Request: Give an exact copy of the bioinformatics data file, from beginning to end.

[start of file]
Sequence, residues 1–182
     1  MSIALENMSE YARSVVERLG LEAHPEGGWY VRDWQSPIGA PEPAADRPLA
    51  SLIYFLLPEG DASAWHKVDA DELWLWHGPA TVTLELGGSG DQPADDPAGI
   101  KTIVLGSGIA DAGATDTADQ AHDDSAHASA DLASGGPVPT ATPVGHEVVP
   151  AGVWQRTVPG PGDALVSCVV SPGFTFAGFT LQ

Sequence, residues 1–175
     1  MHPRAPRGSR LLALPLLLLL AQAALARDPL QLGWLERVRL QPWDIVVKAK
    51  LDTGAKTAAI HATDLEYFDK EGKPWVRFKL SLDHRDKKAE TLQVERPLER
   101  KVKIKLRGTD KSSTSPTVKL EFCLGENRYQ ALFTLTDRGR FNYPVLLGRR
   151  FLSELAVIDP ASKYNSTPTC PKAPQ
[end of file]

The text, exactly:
Sequence, residues 1–182
     1  MSIALENMSE YARSVVERLG LEAHPEGGWY VRDWQSPIGA PEPAADRPLA
    51  SLIYFLLPEG DASAWHKVDA DELWLWHGPA TVTLELGGSG DQPADDPAGI
   101  KTIVLGSGIA DAGATDTADQ AHDDSAHASA DLASGGPVPT ATPVGHEVVP
   151  AGVWQRTVPG PGDALVSCVV SPGFTFAGFT LQ

Sequence, residues 1–175
     1  MHPRAPRGSR LLALPLLLLL AQAALARDPL QLGWLERVRL QPWDIVVKAK
    51  LDTGAKTAAI HATDLEYFDK EGKPWVRFKL SLDHRDKKAE TLQVERPLER
   101  KVKIKLRGTD KSSTSPTVKL EFCLGENRYQ ALFTLTDRGR FNYPVLLGRR
   151  FLSELAVIDP ASKYNSTPTC PKAPQ